My first parrot was a loving pet and a great companion.
I still hold fond memories of her, but there were many occasions when she would scream whenever I left the room.
It was challenging behavior at the time, and it took time to adjust and support her.
Having had a parrot that displays this behavior, I thought it may help others to discuss the question; Why does my parrot scream when I leave the room?
Parrots are social creatures and use their voice to communicate. If a wild parrot is away from its flock, it will scream to find its way back to them. Your parrot is communicating with you that they want you to return to them.
A screaming parrot can be challenging to deal with; however, it is interesting to analyze why this behavior is happening, and in doing so, you can help your parrot and make them feel more at ease.
This article will discuss why my parrot screams when I leave the room, how to make them feel comfortable when you leave, and much more.
Let’s look into all the answers and help our parrots with screaming behavior.
What is the reason for my parrot screaming when I leave the room?
Parrots are very vocal by nature.
This can leave us confused as parrot owners because we can’t speak ‘parrot.’
Therefore, leaving us to wonder why our parrots are screaming.
It can result in a trial and error method until we work out what our parrot is trying to tell us.
Here are a few reasons why your parrot may be screaming when left.
Contact calling is when a wild bird calls for its flock, and the parrots in the flock will return the screaming in response to guide them back.
This is an instinctual response for our parrots.
When their owner leaves the room for any reason, your parrot is asking you to return to them.
Separation anxiety is common for parrots as they are naturally comfortable in a group, whether it is their parrot or human friends.
They have learned to scream for us to return, and if we don’t return quickly enough, they will scream louder.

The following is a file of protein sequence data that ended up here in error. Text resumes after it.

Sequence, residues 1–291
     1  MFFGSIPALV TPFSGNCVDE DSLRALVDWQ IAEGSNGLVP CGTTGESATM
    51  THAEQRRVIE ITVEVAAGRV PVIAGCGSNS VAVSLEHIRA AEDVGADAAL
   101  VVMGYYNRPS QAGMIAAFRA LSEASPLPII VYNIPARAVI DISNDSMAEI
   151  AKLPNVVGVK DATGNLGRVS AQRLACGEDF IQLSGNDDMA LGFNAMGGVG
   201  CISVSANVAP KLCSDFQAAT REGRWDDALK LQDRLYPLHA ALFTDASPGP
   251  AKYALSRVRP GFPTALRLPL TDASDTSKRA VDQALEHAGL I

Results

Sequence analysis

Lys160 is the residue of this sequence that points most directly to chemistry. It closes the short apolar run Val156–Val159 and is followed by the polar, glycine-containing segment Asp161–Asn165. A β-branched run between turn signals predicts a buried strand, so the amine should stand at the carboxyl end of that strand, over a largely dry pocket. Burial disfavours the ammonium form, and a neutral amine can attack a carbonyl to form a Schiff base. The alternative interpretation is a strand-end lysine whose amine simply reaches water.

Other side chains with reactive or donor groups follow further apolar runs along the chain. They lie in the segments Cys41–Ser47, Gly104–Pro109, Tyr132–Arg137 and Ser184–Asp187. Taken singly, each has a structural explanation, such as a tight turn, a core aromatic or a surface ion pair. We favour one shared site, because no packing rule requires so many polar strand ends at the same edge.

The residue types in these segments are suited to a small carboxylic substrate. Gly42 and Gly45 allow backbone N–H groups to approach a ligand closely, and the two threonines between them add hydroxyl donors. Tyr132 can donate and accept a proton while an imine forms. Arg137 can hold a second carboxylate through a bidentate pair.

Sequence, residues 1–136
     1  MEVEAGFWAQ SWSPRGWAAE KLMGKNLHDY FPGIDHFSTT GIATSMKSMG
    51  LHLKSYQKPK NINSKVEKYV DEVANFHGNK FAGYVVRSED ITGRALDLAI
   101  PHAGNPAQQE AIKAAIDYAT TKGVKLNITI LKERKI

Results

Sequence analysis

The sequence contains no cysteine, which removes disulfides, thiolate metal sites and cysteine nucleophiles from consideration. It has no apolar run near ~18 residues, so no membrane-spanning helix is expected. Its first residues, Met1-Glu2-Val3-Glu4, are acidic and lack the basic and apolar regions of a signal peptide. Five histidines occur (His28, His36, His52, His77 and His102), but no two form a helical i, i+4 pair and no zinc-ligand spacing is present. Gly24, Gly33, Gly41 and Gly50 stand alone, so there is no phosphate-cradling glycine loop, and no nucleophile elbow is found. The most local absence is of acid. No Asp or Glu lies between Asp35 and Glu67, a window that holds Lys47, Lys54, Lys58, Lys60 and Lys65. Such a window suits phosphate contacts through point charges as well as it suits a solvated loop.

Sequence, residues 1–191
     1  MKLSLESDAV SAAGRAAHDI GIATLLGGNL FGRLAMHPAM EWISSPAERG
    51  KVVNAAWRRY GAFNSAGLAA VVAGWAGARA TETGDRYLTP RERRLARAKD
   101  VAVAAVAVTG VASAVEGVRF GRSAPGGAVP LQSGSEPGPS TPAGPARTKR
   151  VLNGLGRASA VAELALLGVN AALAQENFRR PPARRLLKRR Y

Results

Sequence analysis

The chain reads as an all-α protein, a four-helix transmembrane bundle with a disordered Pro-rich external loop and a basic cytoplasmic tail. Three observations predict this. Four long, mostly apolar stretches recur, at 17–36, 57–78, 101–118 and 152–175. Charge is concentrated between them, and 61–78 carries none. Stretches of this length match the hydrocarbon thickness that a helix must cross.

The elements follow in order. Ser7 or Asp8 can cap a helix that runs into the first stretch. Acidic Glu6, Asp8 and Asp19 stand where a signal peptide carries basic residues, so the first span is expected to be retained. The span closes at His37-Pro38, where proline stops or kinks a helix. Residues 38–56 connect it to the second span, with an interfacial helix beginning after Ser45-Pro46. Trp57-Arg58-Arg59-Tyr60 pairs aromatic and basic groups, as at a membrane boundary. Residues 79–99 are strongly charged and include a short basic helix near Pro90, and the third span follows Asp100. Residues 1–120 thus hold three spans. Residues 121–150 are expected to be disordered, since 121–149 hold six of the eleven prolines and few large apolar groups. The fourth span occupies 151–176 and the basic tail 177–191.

Boredom or lack of exercise
Boredom or lack of exercise can be a cause for screaming.
If left alone for extended periods, they may scream due to nothing to do.
The lack of exercise can contribute to boredom as well as having excess energy can encourage screaming.
Illness or injury
Illness or injury can also contribute to screaming.
If feeling unwell or in pain, your parrot may be trying to tell you.
If you think either of these things could be a contributing factor, it would be advised to contact your vet to establish what could be upsetting your parrot.
Feeling frightened will also cause your parrot to scream.
It could even be they have seen a predator on a TV screen causing them alarm.
Celebrating is also a common reason why parrots scream.
A parrot may scream if you return into the room and is happy to see you.
How can I help my parrot to stop screaming when I leave the room?
Here are some techniques that can help your parrot and ease them screaming.
Start using a returning command that can ease your parrot’s anxiety, such as ‘I’m right here’ or ‘I’ll be right back.’
It can take time for your parrot to learn this command, but if done repetitively, they will learn to know you intend to return to them shortly.
Many parrot owners will do separation anxiety training with their parrots.
This involves stepping out of sight of your parrot to say your returning command and then back into view as soon as you have said it.
Slowly extending the time you are out of sight, the parrot learns to feel comfortable not seeing you.